Contest underway for €30m modern art museum in Riga

A consultancy firm in the United Kingdom has been hired to find an architect to design a major new contemporary art museum in the Latvian capital.

The firm Malcolm Reading Consultants (MRC), has been commissioned to run an "invited competition" to design a €30m Latvian Museum of Contemporary Art which will aim "to become the most visited art museum in the Baltic States, as well as a cultural and arts centre of interregional significance," MRC said in a press release.

"The museum building should become an architectural tour de force and one of Riga’s leading visitor attractions," the details of the commission say, suggestive of the familiar hope to repeat the success of the Bilbao Guggenheim.

MRC describes the process thus: "An invited – or two-stage - competition starts with a wide trawl for interest to establish a shortlist of five or six teams. In this way, basic competence and compatibility can be used to filter those unable or inappropriate to fulfil the competition, whilst letting real quality float to the surface."

"Most architects prefer the two-stage process because it limits the effort they need to make initially, and raises the odds of a win should they get onto the shortlist."

"It is a cost-effective method of developing an initial design concept and finding the right team. Furthermore, it is usually good value for money because the client can also use the buzz and creativity released by the competition to achieve other organisational goals – improve their public profile, help change management structures and habits, encourage their own team to think more creatively. It is terrific PR, often with international exposure," MRC says.

The process of finding an architect is likely to take six months, MRC chairman Malcolm Reading said and would involve “architects of international standing."

Latvian architects will be involved in drafting the competition offers, as well as in subsequent work with the winning team of architects, he said - which suggests no Latvians are likely to be among the actual headline contenders.

It is by no means the first time projects for a new contemporary art museum have been drawn up. Here is one concept from 2006 that was supposed to have been built and open by 2011 but which never got off the drawing board.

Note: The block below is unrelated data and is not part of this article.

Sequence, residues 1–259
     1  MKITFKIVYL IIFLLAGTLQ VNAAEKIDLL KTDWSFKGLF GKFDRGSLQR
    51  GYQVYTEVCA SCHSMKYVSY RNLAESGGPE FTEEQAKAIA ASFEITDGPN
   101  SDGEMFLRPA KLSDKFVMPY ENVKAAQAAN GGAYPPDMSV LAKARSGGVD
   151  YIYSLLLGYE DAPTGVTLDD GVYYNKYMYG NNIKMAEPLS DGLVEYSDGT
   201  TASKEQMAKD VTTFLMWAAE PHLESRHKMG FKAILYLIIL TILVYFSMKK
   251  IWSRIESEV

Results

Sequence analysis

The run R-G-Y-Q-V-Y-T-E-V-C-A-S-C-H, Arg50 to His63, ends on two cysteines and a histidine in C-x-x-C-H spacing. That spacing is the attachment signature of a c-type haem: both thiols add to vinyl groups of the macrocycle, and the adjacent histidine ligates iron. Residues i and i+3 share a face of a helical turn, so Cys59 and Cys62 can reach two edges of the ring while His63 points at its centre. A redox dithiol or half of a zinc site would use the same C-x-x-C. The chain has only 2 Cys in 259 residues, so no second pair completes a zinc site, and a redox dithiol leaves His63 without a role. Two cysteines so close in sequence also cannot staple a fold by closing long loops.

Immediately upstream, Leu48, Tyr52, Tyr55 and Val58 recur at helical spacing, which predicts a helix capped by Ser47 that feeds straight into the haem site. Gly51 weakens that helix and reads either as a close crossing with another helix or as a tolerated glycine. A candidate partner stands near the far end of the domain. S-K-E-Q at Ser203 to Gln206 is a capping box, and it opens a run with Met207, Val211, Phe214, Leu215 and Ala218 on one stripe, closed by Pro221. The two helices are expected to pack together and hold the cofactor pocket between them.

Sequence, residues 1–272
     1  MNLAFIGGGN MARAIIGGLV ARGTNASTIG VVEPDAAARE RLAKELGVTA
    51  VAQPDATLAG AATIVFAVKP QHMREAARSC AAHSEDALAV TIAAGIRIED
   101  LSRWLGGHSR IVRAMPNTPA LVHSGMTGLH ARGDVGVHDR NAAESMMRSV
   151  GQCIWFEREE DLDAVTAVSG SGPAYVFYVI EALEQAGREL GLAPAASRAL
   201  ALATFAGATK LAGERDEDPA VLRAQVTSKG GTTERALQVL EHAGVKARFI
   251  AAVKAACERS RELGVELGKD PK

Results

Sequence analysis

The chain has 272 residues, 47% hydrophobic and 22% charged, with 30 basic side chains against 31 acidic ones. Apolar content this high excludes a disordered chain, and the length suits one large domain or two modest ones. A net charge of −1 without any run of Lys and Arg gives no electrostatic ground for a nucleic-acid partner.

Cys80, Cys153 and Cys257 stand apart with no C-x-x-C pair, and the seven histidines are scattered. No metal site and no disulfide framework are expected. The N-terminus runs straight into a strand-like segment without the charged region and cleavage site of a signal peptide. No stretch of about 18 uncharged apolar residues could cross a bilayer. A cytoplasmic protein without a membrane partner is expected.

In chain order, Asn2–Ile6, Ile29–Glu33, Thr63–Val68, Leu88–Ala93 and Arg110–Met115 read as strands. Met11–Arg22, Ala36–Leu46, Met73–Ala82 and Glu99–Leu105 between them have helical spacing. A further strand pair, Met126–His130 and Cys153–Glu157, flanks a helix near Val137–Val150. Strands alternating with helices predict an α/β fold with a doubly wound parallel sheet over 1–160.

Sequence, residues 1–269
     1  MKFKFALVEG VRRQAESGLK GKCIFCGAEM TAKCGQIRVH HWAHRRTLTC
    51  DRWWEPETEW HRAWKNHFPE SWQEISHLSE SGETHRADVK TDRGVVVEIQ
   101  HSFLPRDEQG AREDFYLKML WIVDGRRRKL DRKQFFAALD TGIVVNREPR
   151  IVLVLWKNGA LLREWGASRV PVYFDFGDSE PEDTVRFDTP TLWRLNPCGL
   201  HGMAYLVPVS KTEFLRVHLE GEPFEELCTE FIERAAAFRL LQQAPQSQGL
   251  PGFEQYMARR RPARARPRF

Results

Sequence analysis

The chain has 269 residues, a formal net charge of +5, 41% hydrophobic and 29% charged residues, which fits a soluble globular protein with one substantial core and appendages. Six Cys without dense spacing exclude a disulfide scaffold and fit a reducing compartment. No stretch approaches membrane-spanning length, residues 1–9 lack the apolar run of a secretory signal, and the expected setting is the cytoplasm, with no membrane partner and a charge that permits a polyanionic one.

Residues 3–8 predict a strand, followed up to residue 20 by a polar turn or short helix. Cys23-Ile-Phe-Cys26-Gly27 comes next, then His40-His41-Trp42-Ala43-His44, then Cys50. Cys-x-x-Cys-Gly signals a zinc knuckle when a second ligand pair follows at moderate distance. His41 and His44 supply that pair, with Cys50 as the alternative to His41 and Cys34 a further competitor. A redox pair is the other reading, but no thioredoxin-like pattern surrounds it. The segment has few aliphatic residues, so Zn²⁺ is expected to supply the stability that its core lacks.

Interestingly, the new project is being financed by private rather than state money with the major contributions from the ABLV Charitable Foundation (linked to ABLV Bank) and the Ināra and Boriss Teterev Foundation, which regularly gives grants to arts projects.

According to the Inara and Boriss Teterev Foundation: "The establishment of the museum is a logical continuation of the work done to date in the field of Latvian culture and art by the founders of both foundations.

"Private initiative is hugely important to the development of society, and this step gives a powerful developmental impulse to Latvia’s arts processes, to strengthening the nation’s identity, tourism industry and the development of arts education, as well as the formation of an integrated cultural space in Riga."

The organizers promise to collaborate with the Ministry of Culture so that it will have the status of a "private accredited museum" but will be open to the public and located in a former railway works in the New Hanza City area of Riga, fairly near the existing Arena Riga sports and concert venue.

The organizers hope to have it open to the public on November 18, 2021.

You can read more about the promised project here.

So, who's your money on? Liebeskind, Hadid, Foster or Calatrava?

Whatever the result, the new museum will find itself competing - and hopefully collaborating - with Estonia's award-winning KUMU museum and Lithuania's CAC.

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